A US helicopter on a tsunami relief mission crashed yesterday in Indonesia, injuring all 10 servicemen aboard and briefly suspending operations, while strong aftershocks and security concerns provided more challenges for aid workers two weeks after the killer waves hit.
Millions of people are homeless and bodies were still being pulled from collapsed buildings after the Dec. 26 tsunami killed more than 150,000 people across 11 countries.
UN Secretary-General Kofi Annan was assessing damage in the Maldives, a low-lying string of coral atolls in the Indian Ocean that lost 82 people. The UN is now coordinating humanitarian relief efforts in all the countries affected by the disaster and is taking that responsibility "very, very seriously," Annan said.
The US Seahawk helicopter crashed in a rice paddy about 500m from the airport in Banda Aceh, capital of Indonesia's hard-hit Aceh province and the hub of aid operations.
Captain Kendall Card, commander of the USS Abraham Lincoln aircraft carrier stationed off the Indonesian coast, said over the ship's loudspeakers that four of the servicemen had very minor injuries and six were hurt more seriously, the worst with a dislocated pelvis.
Lieutenant Commander John Daniels blamed the crash, which happened just after 7:30am, on a "possible mechanical failure."
US authorities said there was no indication the helicopter had been shot down.
The crash came amid heightened security concerns in several tsunami-hit areas with ethnic rebellions -- particularly in Aceh, where rebels have waged a separatist war in the province for nearly 30 years.
UN staff in Aceh are on high alert and armed guards patrol their compounds on fears of rebel attacks.
Indonesian military chief Endriartono Sutarto told reporters that he had heard reports of rebels stealing aid and even briefly kidnapping Indonesian aid workers.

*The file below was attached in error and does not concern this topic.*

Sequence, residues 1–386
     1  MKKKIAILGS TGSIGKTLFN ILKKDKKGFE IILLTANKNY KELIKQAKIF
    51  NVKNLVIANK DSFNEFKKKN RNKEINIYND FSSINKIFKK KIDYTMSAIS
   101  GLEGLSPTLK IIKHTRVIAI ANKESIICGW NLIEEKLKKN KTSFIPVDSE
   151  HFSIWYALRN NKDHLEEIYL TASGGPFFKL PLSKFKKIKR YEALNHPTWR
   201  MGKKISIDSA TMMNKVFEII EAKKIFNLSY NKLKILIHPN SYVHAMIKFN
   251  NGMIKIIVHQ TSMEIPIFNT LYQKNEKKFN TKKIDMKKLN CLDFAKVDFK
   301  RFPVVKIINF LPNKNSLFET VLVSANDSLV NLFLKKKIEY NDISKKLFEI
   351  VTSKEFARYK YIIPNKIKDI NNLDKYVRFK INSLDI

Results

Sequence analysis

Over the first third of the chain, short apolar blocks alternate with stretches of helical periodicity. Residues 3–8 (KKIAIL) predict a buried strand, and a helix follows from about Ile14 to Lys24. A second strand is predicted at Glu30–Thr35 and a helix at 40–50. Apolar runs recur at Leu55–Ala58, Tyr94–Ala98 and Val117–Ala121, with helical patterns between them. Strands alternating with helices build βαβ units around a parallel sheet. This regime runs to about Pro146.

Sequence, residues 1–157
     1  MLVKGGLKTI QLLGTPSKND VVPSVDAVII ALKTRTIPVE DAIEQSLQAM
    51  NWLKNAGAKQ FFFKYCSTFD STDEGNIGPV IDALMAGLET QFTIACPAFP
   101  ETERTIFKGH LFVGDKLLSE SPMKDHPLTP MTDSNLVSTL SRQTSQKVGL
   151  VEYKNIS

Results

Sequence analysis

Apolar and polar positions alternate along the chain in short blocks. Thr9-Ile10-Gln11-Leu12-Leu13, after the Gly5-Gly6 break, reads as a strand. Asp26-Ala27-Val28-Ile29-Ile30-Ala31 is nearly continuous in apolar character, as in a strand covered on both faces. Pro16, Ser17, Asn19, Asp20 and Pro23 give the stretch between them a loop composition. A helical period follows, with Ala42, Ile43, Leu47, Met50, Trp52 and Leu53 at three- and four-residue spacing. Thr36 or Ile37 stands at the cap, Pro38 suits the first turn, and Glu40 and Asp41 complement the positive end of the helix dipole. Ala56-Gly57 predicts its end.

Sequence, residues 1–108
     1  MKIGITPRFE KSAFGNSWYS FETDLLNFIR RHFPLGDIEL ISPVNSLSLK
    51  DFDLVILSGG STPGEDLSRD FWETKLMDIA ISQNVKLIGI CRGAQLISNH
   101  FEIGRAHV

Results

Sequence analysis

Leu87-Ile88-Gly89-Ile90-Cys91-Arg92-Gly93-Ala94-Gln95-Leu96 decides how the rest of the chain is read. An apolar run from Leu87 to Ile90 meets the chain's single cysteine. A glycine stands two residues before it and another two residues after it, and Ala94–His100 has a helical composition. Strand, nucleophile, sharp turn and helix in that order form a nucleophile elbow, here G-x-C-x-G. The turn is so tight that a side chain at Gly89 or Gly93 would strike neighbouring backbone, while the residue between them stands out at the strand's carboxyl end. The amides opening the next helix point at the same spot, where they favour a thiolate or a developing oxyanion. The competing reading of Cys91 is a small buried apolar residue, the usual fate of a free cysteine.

Sutarto said the workers were rescued by Indonesian forces but gave no further details.
Indonesia's military warned aid workers on Sunday that rebels in Aceh were taking shelter in camps for survivors, but the government dismissed those claims yesterday. The government also said that rebels were not responsible for a shooting near the main UN compound on Sunday, contradicting earlier assertions by the country's military and police.
Welfare Minister Alwi Shihab said a troubled Indonesian soldier, not a rebel gunman, was responsible for the burst of gunfire. The soldier was in custody, Shihab said.
Aftershocks from the massive earthquake that spawned the killer waves continued to rattle residents in the hardest-hit countries. A 6.2 magnitude temblor sent people scrambling from their homes early Monday in Banda Aceh. No injuries or damage were reported.
In a rare happy story, a 22-year-old Indonesian, Ari Afrizal, was rescued at sea sometime late last week by the United Arab Emirates-registered Al Yamamah, said Sasheila Paramsothy, a spokeswoman for the shipping harbor Westport Malaysia.